New booster guidelines for adults over 50
Hello again, dear readers, and welcome back to the monthly letters column. Virus-related mail, which once required a column of its own, has slowed down. That means we can once again fold those questions in with the general letters. Speaking of which ...
-- Recommendations regarding COVID-19 booster shots have caused some confusion, including for a reader from North Carolina. “Do you know if a second booster will be available soon for elderly persons with no severe autoimmune problems?” she asked. “I had the first booster more than five months ago.” You are indeed eligible for a second booster. As of March 29, the CDC recommends a second booster for adults over the age of 50 whose previous booster was four or more months ago.
In addition, all adults who had the Johnson & Johnson vaccine and first booster are eligible for a second booster using an mRNA COVID-19 vaccine. Again, the timing is four or more months after the most recent shot.
-- On the topic of supplements to deliver omega-3 fatty acids, a reader wondered about dosage. “I’ve been a vegetarian for 40 years and use flaxseed oil to supplement my intake of omega-3 fatty acids,” they wrote. “The FDA recommends a maximum of 3 grams per day, but my flaxseed oil has 8 grams per serving. Is that too much?”
For adults 51 and older, the recommended daily intake of omega-3 fatty acids is 1.1 grams for women and 1.6 grams for men. The reason for the cap of 3 grams per day is that when taken in high doses, omega-3 supplements can cause blood thinning, lead to excessive bleeding and interact with prescription drugs that affect blood clotting. Unless your doctor has recommended the dosage you are now taking, it’s a good idea to find a product that meets the recommended guidelines.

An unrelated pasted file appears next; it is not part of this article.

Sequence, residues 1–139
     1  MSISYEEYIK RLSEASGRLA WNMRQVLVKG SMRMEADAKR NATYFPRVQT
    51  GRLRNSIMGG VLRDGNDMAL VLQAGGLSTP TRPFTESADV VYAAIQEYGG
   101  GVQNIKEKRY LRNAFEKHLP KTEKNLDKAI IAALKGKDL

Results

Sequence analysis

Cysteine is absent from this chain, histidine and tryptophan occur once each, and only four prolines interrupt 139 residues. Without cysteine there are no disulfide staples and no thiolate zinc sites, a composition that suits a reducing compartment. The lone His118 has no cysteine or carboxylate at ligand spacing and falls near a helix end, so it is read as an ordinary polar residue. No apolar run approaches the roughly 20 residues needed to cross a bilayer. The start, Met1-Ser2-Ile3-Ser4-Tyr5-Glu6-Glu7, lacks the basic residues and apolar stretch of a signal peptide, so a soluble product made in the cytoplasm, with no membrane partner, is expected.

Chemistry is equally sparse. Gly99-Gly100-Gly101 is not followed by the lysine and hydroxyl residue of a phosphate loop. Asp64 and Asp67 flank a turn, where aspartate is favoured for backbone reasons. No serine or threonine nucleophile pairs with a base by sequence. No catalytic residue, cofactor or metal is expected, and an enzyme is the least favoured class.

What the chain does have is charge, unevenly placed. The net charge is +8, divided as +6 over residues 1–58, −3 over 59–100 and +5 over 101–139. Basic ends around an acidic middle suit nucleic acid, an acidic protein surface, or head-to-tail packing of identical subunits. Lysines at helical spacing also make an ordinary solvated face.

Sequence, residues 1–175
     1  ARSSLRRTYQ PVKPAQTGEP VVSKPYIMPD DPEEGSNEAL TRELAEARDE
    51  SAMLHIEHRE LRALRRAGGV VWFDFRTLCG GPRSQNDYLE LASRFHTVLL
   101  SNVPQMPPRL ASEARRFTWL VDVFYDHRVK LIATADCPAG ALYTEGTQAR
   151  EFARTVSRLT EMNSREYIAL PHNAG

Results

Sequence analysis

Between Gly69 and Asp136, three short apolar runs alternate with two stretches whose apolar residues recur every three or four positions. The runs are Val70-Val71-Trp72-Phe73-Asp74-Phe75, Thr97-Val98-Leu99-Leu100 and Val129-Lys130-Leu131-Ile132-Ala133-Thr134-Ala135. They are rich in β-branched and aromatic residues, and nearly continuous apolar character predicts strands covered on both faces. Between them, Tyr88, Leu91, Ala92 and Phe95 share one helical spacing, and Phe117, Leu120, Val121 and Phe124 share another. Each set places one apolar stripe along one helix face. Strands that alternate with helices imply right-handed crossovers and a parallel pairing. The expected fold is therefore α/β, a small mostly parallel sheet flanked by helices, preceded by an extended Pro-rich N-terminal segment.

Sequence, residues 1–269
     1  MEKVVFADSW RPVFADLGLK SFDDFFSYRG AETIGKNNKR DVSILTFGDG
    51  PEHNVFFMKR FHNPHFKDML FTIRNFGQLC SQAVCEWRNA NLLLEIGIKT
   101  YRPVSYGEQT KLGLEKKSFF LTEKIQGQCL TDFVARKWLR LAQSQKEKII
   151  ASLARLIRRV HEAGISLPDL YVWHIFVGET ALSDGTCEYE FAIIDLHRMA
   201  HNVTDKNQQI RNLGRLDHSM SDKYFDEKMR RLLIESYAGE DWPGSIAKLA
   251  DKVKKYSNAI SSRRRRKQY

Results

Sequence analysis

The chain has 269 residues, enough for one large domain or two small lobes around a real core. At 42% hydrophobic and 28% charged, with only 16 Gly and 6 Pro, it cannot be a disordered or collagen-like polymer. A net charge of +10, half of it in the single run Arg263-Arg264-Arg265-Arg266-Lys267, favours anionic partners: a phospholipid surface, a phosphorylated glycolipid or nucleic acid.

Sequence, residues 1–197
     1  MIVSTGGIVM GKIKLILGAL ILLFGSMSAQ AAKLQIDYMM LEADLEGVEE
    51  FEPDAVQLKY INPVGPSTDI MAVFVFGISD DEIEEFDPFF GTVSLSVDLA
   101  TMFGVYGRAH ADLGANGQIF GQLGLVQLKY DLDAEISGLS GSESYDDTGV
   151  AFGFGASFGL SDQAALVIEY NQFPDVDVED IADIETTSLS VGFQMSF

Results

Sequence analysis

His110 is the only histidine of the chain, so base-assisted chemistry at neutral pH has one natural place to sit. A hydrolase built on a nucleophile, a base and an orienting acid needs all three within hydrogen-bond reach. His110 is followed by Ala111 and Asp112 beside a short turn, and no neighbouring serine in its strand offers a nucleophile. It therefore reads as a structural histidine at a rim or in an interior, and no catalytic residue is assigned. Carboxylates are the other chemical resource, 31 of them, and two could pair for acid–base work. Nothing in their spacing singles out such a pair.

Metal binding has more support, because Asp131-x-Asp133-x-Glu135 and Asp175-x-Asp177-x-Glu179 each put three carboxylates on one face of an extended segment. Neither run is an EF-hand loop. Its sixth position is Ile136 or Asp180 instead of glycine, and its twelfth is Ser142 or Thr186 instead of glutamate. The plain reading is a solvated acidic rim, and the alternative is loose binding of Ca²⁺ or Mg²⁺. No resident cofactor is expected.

-- We heard from a reader whose prescription medications frequently change shape and color, which led to a dangerous mix-up. “I recently had a scary episode after mistakenly taking two doses of one blood pressure drug instead of one each of two different drugs, and it made me quite ill,” they wrote. “In the 15 years I have taken these drugs, they have come in five different colors and four different shapes. Does the FDA pay attention to the risks of color and shape changes?”
While the FDA oversees the contents of medications, the shapes and colors are chosen by each manufacturer. And due to patent laws, manufacturers of generic versions of brand-name drugs are not allowed to copy appearance of the originals. Because pharmacies sometimes change suppliers, the same generic medication from a new manufacturer can suddenly come in a different color or shape. This can be confusing and, as happened to you, even dangerous. While it’s not a perfect answer, some patients find using pill organizers can make things less complicated.
As always, thank you to everyone who took the time to write. Our mailboxes are overflowing, so we’ll be adding a bonus letters column in the next few weeks.
To learn more about the vaccines and for the latest information visit UCLA Health's COVID-19 Vaccine Info Hub.
(Send your questions to firstname.lastname@example.org, or write: Ask the Doctors, c/o UCLA Health Sciences Media Relations, 10960 Wilshire Blvd., Suite 1955, Los Angeles, CA, 90024. Owing to the volume of mail, personal replies cannot be provided.)